2017 Volume 27 Issue 3 Pages 91-101
In some parts of irrigated farmlands in arid areas, decreasing crop productivity caused by secondary salinization due to excessive irrigation and poor drainage has become a serious problem. Water saving is required in such areas, but it is not easy to shift to a more efficient irrigation method due to lack of funds and difficulty in procuring equipment. For these reasons, furrow irrigation, although causing large infiltration losses, is still being widely practiced.
In order to save water in furrow irrigation through the use of a method which can be easily adopted by farmers, a Simplified Surge Flow irrigation method (hereinafter referred to as ‘Simplified SF’), which is a simple version of the regular Surge Flow method (hereinafter referred to as ‘SF’), was contrived. In SF, water is applied intermittently, about 4 times by using pipelines and valves, to obtain water-saving effect. On the other hand, in the Simplified SF, a single furrow irrigation (conventional furrow irrigation) is just divided into two. In this research, the water-saving effect of the Simplified SF was verified on irrigated farmlands exhibiting remarkable secondary salinization in Uzbekistan.
In the furrow infiltration test, the cumulative infiltration at 60 minutes after the start of flooding, in the soil that has been supplied with water before one day, decreased by 9.5 mm compared with that of the dry soil; and the basic intake rate also decreased to less than 50%.
In the comparative irrigation test between the conventional furrow irrigation method and the Simplified SF on 100 m furrow (slope: 1/800), the speed of water advance during the second water supply by the Simplified SF increased, and the total duration it took for the irrigation water to reach the end of the furrow (irrigation time) was 6,026 seconds (about 100 minutes); this was 742 seconds (about 13 minutes) shorter than that of the conventional method, which had an irrigation time of 6,768 seconds (about 113 minutes). These results therefore showed that the Simplified SF could reduce the amount of water supplied to the furrow and the amount of oversupplied water by 11% and 15%, respectively.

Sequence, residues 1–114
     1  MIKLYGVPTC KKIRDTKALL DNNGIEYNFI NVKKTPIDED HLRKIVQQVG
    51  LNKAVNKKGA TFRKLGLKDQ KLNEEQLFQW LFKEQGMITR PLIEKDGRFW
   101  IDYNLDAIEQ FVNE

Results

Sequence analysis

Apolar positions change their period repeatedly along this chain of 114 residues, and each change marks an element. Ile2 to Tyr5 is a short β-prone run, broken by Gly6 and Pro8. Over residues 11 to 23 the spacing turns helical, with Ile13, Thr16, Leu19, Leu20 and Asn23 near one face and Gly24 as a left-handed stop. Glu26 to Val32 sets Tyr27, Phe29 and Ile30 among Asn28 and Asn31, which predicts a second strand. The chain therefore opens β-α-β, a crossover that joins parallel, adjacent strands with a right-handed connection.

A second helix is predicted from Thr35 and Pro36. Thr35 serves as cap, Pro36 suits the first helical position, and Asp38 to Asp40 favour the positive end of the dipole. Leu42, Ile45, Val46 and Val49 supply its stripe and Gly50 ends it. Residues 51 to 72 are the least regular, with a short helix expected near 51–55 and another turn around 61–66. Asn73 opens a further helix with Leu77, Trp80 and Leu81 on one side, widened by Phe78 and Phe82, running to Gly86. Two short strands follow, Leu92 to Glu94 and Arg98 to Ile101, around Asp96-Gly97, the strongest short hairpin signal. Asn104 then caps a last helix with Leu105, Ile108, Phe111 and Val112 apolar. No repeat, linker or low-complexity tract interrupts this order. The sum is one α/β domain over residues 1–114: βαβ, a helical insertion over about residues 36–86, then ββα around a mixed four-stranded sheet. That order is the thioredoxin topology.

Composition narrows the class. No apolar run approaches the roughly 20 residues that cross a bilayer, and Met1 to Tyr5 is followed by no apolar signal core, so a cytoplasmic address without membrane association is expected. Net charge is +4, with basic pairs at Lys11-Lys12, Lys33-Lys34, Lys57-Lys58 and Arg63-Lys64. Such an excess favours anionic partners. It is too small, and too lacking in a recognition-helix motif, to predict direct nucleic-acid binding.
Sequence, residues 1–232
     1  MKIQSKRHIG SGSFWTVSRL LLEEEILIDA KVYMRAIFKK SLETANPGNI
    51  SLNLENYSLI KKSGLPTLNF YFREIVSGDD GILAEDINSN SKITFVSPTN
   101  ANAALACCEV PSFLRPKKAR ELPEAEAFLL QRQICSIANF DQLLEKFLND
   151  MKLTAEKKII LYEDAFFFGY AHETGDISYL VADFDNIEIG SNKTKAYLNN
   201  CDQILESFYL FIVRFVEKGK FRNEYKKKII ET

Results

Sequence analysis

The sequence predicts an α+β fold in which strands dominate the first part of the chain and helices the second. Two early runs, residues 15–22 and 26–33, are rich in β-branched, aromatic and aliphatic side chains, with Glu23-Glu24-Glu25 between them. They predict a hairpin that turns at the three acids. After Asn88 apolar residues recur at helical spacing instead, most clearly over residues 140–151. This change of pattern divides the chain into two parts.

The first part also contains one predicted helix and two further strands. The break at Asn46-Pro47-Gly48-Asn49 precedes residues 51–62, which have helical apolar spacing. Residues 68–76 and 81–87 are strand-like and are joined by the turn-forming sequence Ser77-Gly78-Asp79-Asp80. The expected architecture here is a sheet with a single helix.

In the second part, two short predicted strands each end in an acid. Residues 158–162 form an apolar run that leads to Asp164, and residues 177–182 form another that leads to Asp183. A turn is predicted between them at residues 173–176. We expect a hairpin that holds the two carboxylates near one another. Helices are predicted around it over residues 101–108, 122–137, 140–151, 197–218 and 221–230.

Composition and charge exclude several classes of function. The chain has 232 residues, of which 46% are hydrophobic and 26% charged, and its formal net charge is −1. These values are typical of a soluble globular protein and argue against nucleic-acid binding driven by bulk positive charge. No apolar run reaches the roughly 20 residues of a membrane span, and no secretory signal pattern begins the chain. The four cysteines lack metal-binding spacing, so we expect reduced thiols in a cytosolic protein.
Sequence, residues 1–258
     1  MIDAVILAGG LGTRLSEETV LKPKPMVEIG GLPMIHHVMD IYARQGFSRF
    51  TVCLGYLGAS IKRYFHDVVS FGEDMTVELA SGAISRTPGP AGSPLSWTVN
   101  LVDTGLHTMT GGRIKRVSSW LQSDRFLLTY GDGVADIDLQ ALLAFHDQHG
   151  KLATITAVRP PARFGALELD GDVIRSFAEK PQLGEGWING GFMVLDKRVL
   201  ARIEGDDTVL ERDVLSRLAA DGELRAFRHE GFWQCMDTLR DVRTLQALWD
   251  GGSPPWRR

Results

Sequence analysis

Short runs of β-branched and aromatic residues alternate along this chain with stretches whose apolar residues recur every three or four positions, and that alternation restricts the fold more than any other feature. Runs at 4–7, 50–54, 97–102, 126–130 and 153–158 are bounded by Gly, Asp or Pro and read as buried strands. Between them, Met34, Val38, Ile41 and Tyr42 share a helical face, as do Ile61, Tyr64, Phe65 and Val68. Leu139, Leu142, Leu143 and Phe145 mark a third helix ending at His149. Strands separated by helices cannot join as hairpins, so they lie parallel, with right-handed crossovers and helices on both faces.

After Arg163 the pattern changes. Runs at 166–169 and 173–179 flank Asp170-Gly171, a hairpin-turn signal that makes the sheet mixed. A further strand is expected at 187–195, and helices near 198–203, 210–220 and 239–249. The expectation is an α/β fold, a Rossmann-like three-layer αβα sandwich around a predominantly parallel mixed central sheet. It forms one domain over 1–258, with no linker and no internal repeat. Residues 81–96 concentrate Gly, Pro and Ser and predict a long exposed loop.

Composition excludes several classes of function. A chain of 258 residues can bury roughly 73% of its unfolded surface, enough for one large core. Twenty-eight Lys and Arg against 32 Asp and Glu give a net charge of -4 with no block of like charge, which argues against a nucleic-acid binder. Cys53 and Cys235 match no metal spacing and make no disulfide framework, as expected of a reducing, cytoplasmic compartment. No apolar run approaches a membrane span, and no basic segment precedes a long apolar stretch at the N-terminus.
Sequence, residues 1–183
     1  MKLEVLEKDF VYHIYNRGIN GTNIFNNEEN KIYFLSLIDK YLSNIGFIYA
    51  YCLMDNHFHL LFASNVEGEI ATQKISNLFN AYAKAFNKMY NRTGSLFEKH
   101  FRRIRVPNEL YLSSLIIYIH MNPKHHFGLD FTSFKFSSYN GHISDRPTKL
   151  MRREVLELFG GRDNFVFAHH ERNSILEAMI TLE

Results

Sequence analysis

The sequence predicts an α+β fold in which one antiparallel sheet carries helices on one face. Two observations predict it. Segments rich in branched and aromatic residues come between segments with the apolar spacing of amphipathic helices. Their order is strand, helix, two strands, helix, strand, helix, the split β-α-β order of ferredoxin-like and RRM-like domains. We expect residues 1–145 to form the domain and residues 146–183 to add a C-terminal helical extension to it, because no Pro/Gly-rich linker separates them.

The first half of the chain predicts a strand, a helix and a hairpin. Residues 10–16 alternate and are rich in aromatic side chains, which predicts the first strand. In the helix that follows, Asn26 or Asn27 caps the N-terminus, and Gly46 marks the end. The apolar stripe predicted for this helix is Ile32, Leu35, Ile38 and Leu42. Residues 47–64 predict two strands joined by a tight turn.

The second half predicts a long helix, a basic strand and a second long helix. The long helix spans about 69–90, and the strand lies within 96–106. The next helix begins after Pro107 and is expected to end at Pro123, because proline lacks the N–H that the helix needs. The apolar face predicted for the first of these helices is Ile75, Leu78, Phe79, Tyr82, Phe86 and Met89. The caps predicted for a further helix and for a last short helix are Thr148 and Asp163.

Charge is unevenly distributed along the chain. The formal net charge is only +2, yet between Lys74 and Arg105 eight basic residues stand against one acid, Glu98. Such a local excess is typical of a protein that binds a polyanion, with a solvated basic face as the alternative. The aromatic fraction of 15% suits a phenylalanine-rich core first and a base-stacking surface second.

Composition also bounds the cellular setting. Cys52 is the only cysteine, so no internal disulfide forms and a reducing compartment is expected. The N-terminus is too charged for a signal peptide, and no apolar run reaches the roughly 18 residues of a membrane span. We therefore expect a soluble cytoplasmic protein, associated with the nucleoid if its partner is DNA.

This present study demonstrates the potential of the Simplified SF as an effective water-saving method in the developing countries facing water management problems. It should be noted, however, that the water-saving effect of the Simplified SF was lower than the 21% obtained with the use of regular SF in Fergana, Uzbekistan. In addition, stagnation of irrigation water due to the unevenness of furrows may have affected the water-saving effect of the Simplified SF. Therefore, to deal with the future challenges concerning the application of the Simplified SF in the field, it is necessary to consider optimal furrow length, as well as measures to suppress the influence of uneven furrows.